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Art work of the Wisconsin River Valley
(1901)

Part 6


city with an aggregate capital of about a million dollars, and the factories represented include
the making of furniture, flour, mineral paint, box shooks, textile starch, as well as several com-
mercial corporations engaged in the business of merchandising. The secret and benevolent
societies are well represented in Stevens Point, the Masonic fraternity having established lodge,
chapter, commandery and Eastern Star; the Odd Fellows lodges, encampment, canton, and a
lodge of Daughters of Rebekah; the Grand Army both post and relief corps; the Catholic Order
of Foresters both men and women's courts; the Knights of the Maccabees two tents and two
hives; besides which the following organizations are each represented by one body: Catholic
Knights of America, Catholic Knights of Wisconsin, Daughters of the American Revolution,
Elks, Equitable Fraternal Union, Daughters of Liberty, National Union, United American
Mechanics, United Workmen, Women's Christian Temperance Union, and several flourishing
industrial unions. The miscellaneous societies of the city comprise all the various organiza-
tions which are usually allied to the different churches, and several literary clubs are included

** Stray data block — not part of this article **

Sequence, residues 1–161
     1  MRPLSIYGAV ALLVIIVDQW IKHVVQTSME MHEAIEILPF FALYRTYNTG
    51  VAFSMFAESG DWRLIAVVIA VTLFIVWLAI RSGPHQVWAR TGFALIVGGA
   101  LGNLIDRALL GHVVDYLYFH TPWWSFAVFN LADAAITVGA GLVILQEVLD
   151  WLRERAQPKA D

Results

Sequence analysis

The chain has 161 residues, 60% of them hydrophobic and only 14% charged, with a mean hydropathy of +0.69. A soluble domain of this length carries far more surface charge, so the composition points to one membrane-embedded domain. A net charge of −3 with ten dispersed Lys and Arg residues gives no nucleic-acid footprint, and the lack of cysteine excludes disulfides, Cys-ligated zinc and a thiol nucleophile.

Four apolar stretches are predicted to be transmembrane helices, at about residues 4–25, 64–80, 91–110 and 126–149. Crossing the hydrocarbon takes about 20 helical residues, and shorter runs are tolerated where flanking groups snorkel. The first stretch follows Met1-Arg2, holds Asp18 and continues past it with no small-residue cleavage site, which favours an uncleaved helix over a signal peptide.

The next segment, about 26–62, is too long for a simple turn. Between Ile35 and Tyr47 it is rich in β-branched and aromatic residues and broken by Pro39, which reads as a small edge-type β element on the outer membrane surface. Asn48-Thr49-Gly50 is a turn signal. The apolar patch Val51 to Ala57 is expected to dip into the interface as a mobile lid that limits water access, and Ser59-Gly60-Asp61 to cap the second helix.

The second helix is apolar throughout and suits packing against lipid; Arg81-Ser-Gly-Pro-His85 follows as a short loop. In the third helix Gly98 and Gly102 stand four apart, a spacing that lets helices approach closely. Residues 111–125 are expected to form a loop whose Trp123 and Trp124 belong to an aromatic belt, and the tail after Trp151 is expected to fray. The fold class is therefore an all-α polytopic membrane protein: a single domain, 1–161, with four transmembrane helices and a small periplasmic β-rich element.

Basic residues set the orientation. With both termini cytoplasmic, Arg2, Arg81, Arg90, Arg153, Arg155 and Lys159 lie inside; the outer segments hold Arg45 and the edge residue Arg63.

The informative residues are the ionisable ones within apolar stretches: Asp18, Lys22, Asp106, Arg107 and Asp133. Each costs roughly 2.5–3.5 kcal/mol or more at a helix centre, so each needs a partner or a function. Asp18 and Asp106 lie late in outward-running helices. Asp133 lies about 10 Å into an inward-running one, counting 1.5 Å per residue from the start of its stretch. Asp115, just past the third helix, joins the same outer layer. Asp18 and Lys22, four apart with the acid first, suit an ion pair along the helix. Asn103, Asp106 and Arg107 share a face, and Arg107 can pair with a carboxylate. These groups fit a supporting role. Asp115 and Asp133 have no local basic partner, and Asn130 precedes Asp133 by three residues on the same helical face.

among them, as well as a Woman's Club which is allied with the Wisconsin State Federation.
Stevens Point is the location of one of the Normal Schools of the state, which has a fine
plot of ground in the city, on which a beautiful building has been erected. The faculty consists
of twenty-four educators, and the attendance from the section of the state in which it is located
is large.
The city is essentially an industrial community, though the agricultural resources of the
country surrounding it contribute to its commercial activities in no small degree.
The manufacture of paper at large mills so near to Stevens Point that many of the mill
operatives live there, and much of the business of the mills is transacted there, makes these
mills really a part of the industrial resources of the city.
There are two railroads at Stevens Point, the Wisconsin Central, and the Green Bay and
Western. The Wisconsin Central has a branch from here running south to Portage, which
opens a considerable amount of trade to the city.
In the matter of civic improvement the city is well abreast of the times.  The principal
streets are paved, the streets are well lighted, and ample water supply fills the need of the
citizen in that direction, as well as affords adequate protection from fire dangers.
MOSINEE.
The next point up the river is Mosinee, a little village which is one of the oldest settle-
ments on the river. Almost as early as Stevens Point was settled, lumbering operations were
commenced at the water power afforded by Little Bull Falls. For more than fifty years those
operations have been continued under the same ownership. It is at Mosinee that the river
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